This ever-expanding reference list provides background on a diverse spectrum of illustrators across time, cultures, and artistic styles.
Prolific cover artist of pulp magazines.
Schaeffer's painterly style explemifies the Brandywine School tradition.
Schongut has illustrated for advertising, book design, and poster art, and his own children's books.
Prolific illustrator of books and magazines during the early 20th century.
Creator of the popular "Peanuts" comic strip.
Illustrator best known for his paintings in "National Geographic."
Magazine cover illustrator who enjoyed drawing homespun, rural subjects.
Illustrator and cartoonist who worked at "Punch;" best known for illustrating Winnie the Pooh.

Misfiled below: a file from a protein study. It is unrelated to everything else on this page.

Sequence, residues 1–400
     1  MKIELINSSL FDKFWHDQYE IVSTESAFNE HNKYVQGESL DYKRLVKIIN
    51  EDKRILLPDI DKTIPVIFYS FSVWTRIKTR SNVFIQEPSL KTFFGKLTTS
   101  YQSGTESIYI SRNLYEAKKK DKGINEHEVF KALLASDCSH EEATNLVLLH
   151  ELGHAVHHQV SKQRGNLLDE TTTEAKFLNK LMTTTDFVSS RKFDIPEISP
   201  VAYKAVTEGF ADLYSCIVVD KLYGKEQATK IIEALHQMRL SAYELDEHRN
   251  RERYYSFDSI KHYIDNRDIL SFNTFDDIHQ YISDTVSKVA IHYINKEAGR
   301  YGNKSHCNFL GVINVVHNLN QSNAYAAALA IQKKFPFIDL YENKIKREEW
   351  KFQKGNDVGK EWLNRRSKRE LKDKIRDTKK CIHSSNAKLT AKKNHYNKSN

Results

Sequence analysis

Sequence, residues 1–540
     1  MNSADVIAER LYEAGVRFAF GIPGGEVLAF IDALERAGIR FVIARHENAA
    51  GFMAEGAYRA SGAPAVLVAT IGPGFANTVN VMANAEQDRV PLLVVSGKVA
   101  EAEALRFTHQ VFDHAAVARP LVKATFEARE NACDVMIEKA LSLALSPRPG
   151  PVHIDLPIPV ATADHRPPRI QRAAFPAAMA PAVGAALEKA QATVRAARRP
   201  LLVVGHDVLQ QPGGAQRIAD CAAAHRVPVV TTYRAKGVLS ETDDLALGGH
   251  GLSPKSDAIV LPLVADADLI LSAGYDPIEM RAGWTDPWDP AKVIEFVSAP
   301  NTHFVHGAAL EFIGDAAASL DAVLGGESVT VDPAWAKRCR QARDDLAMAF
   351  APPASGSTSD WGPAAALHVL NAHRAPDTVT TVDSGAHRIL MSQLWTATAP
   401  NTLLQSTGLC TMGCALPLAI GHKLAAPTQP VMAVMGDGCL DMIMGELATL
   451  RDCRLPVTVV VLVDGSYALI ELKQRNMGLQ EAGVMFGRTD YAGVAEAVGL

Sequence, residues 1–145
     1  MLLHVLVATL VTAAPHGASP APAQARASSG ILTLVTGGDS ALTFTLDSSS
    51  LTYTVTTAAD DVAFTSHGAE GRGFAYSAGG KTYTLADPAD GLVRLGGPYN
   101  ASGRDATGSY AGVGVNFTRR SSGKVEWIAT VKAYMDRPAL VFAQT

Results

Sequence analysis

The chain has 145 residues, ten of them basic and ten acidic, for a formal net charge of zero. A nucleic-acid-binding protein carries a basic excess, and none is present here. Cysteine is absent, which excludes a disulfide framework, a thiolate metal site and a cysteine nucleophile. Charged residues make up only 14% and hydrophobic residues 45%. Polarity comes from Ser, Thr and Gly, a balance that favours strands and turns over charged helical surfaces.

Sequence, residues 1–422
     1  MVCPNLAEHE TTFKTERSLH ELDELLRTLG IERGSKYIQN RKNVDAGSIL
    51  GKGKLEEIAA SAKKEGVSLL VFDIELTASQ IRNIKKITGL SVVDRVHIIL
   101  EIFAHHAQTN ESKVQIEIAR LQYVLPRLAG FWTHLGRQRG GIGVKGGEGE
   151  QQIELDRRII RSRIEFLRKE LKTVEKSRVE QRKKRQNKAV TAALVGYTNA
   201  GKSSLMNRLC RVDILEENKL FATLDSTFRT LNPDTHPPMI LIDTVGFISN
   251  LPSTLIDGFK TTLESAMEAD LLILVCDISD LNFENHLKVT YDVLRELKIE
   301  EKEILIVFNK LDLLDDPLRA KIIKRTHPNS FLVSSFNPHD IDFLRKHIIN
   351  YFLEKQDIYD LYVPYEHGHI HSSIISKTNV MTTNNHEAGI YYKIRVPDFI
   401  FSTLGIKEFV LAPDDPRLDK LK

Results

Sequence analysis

Award-winning illustrator and Founding Director of the MFA Illustration Practice program at MICA.
Best known for illustrating theater scenes and images of the streets of New York City.
Best known for creating Superman, in collaboration with writer Jerry Siegel.
Comic book artist known for his distinct style.
Influential animator and character designer at Hanna-Barbera.
Best known for his gritty, urban scenes, and one of the famous Eight.
Illustrator of children’s books and the author of the graphic novel, "Stitches: A Memoir."
A highly acclaimed humorous illustrator and animator.
Golden Age illustrator known for her depictions of children.
Pinup artist of the 1940s and 1950s who later turned to photography.
Golden Age artist noted for his full-page newspaper illustrations.
Illustrator, art director, and educator.